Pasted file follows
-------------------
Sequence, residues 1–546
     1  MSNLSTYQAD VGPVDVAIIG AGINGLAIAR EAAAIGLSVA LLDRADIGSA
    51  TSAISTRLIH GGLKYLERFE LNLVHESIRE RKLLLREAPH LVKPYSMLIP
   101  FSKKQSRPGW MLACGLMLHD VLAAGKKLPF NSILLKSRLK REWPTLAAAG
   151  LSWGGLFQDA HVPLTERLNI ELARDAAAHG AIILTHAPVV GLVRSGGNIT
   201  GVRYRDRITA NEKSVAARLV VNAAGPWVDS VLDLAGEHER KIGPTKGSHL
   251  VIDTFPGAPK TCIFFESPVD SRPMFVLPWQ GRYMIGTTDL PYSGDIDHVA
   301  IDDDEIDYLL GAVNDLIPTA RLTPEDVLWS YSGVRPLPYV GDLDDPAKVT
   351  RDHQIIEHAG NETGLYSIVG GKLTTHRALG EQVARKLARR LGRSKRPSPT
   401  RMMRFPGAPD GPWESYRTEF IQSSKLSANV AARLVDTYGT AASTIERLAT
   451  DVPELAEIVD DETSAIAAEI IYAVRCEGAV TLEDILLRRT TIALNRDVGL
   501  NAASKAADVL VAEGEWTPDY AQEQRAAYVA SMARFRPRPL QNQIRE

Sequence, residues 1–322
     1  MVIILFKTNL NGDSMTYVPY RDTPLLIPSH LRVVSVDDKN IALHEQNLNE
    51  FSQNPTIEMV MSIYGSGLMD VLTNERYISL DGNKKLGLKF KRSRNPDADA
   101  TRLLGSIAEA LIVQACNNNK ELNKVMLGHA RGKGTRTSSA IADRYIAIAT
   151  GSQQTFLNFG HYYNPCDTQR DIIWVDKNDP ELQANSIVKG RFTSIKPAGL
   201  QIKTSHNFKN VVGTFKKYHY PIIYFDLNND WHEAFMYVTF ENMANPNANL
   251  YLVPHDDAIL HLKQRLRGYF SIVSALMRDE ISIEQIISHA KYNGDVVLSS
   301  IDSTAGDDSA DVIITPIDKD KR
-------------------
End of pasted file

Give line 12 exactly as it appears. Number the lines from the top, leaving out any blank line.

   501  NAASKAADVL VAEGEWTPDY AQEQRAAYVA SMARFRPRPL QNQIRE